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The Past Week in Action 22 February 2021: Valdez in Dramatic KO Win Over Berchelt

By Eric Armit
Tue, 23 Feb 2021

Valdez (R) connects at Berchelt.

-Oscar Valdez scores dramatic kayo win over champion Miguel Berchelt to lift the WBC super featherweight title
-Adrian Broner returns with a points win over Jovanie Santiago but does not impress
-Vic Saludar wins the vacant interim WBA minimumweight title with points victory over fellow-Filipino Robert Paradero
-David Avanesyan stops Josh Kelly to retain the European welterweight title
Otto Wallin decisions Dominic Breazeale to keep alive a faint hope of a heavyweight title shot-sometime.
-Former title holders Robert Easter and Rau’shee Warren score wins
-Top Rank prospects Gabriel Flores, Elvis Rodriguez and Xander Flores all record victories.
-Fedor Chudinov looks lucky to escape with a draw against Isaac Chilemba

World Title/Major Shows

February 20

Las Vegas, NV, USA: Super Feather: Oscar Valdez (29-0) W KO 10 Miguel Berchelt (38-2). Middle: Esquiva Falcao (28-0) W RTD 4 Artur Akavov (20-4). Super Feather: Gabriel Flores Jr (20-0) W TKO 6 Jayson Velez (29-8-1).Super Light: Elvis Rodriguez (11-0-1) W PTS 8 Luis Veron (18-3-2). Welter: Xander Zayas (7-0) W PTS 6 James Martin (6-2).
Valdez vs. Berchelt
Valdez outboxes and outpunches Berchelt scoring two knockdowns before finishing the fight in the tenth with a left hook that levees Berchelt face down on the floor out cold.
Round 1
Close opening round as Valdez comes forward behind a high guard try to get inside. Berchelt, taller works on the back foot with his jab. Valdez misses with some swings and the better work with his jab just gives Berchelt the round
Score: 10-9 Berchelt
Round 2
Berchelt on the front foot stalking Valdez but short with his jabs. Valdez circling behind a high guard and then darting in quickly with hooks. Not much in it but Valdez just does enough.
Score: 10-9 Valdez TIED 19-19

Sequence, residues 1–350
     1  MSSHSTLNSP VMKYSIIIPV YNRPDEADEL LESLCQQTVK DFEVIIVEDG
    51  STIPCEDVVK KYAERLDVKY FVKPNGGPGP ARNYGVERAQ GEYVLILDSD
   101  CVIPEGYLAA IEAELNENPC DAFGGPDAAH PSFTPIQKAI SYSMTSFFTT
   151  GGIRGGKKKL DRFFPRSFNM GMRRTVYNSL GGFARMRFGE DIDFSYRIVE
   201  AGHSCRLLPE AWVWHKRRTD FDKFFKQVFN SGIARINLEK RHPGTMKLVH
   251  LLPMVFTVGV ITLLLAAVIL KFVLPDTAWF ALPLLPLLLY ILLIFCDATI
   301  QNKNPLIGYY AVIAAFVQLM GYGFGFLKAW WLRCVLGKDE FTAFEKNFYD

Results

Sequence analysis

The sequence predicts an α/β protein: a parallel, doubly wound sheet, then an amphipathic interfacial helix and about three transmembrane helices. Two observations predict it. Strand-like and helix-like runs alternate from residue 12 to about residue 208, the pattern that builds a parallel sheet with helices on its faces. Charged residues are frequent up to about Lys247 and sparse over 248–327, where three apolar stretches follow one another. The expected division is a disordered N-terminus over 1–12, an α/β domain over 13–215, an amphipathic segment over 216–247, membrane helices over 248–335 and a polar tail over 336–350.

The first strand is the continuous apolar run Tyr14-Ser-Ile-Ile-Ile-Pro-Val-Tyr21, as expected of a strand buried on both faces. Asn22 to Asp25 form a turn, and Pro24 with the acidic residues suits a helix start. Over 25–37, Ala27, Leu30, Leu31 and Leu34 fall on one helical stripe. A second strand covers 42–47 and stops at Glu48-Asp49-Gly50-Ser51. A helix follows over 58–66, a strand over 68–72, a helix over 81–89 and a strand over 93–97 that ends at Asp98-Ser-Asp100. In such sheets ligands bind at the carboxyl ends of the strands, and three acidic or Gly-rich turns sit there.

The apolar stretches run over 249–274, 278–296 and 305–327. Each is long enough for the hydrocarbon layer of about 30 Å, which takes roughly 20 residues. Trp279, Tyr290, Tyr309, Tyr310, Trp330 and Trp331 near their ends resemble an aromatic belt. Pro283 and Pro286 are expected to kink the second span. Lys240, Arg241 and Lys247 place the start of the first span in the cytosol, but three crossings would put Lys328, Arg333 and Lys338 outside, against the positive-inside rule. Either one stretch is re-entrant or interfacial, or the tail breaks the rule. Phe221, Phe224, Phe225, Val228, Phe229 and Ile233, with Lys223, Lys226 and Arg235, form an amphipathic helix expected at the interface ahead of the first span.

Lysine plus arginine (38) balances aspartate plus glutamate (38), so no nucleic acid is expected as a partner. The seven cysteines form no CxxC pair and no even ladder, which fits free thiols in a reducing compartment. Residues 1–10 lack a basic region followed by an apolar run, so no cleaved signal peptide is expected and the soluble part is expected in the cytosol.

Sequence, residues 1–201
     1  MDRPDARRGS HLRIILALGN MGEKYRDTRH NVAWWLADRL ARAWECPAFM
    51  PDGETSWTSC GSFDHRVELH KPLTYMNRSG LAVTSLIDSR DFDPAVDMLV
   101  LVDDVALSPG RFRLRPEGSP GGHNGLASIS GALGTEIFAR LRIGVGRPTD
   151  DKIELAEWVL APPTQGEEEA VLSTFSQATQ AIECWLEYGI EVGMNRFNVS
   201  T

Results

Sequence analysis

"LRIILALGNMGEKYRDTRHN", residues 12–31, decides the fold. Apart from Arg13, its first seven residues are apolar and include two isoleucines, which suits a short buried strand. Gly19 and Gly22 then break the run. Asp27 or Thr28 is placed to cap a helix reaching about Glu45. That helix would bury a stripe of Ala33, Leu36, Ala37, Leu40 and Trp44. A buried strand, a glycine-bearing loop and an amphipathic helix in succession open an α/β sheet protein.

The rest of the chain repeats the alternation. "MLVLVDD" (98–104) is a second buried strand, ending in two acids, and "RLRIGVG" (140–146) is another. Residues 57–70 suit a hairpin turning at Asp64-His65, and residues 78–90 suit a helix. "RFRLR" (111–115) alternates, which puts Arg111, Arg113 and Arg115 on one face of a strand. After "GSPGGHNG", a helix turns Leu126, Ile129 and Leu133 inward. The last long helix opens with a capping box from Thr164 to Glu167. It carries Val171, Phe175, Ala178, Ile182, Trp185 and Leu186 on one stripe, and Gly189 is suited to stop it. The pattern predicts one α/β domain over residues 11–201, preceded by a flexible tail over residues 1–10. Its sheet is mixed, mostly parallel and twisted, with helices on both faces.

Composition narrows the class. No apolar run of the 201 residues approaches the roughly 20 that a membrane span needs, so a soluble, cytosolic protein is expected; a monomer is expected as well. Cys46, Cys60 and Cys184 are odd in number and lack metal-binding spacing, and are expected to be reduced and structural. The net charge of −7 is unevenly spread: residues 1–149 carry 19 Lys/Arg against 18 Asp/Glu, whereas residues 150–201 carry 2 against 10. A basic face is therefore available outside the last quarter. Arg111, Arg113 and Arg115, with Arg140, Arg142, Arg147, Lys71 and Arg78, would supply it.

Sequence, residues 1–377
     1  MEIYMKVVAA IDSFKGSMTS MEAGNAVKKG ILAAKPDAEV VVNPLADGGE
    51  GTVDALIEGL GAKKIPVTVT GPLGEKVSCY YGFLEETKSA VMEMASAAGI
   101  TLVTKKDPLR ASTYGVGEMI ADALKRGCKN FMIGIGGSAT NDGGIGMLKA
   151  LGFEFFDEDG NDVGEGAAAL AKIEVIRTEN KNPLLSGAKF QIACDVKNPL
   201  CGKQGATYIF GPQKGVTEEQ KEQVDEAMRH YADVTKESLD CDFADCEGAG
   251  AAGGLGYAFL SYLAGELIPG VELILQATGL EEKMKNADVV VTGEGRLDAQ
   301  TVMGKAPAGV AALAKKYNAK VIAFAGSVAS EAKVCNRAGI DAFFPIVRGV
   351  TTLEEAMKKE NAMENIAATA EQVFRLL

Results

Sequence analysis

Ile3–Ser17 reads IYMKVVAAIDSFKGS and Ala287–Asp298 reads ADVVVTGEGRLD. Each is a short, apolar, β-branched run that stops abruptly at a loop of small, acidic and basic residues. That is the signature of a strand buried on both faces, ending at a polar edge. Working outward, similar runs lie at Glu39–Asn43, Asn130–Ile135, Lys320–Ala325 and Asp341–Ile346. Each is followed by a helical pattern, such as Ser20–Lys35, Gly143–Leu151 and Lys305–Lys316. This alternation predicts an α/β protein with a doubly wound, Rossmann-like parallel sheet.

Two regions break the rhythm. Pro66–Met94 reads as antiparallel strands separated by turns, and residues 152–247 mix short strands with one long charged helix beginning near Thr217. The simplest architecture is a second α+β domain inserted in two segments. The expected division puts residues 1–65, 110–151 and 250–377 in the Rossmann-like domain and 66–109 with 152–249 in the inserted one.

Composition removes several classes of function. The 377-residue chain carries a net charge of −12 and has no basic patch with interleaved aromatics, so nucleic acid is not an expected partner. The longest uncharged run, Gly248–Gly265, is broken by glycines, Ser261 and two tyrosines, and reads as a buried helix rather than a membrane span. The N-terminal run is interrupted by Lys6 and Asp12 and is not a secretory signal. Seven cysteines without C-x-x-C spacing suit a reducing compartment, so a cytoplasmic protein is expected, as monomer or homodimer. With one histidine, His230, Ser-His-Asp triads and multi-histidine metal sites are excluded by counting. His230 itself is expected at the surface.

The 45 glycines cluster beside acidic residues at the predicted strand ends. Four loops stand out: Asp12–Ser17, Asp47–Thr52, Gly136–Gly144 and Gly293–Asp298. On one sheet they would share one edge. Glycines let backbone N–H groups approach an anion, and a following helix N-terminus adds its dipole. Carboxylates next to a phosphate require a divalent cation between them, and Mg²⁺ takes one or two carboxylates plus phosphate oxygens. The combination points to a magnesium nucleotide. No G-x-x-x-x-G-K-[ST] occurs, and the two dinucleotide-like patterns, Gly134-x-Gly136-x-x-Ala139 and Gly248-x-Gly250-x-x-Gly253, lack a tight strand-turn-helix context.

Round 3
Berchelt piling on the pressure coming forward behind his jab. Valdez boxing skilfully on the retreat bobbing and weaving around Berchelt’s punches. Berchelt lands a heavy right to the head but Valdez then firing jabs throught Berchelt’s guard to take the round.
Score: 10-9 Valdez Valdez 29-28
Round 4
Valdez was boxing beautifully on the back foot slipping Berchelt’s punches and stabbing fast, accurate jabs home. As they traded punches Valdez landed a left hook to the temple and Berchelt was hanging on. When the referee split them Berchelt went staggering back on wobbly legs and a left hook sent him tumbling into the ropes hardly able to keep upright. Valdez rocked Berchelt twice more and the referee stepped in and applied a standing eight count as Berchelt tottered around. One more punch would have finished the fight but the bell went a second after the count and that saved Berchelt. No knockdown but definitely a 10-8 round for me.
Score: 10-8 Valdez Valdez 39-36
Official Scores: Judge Max DeLuca 38-37 Berchelt, Judge Patricia Morse Jarman 39-36 Valdez, Judge Dave Moretti 39-36 Valdez
Round 5
Berchelt pressed again in the fifth but his punches lacked any snap and Valdez was too quick and accurate with his jabs. Berchelt tried to stage a strong late finish but Valdez had no trouble avoiding Berchelt’s shots.
Score: 10-9 Valdez Valdez 49-45
Round 6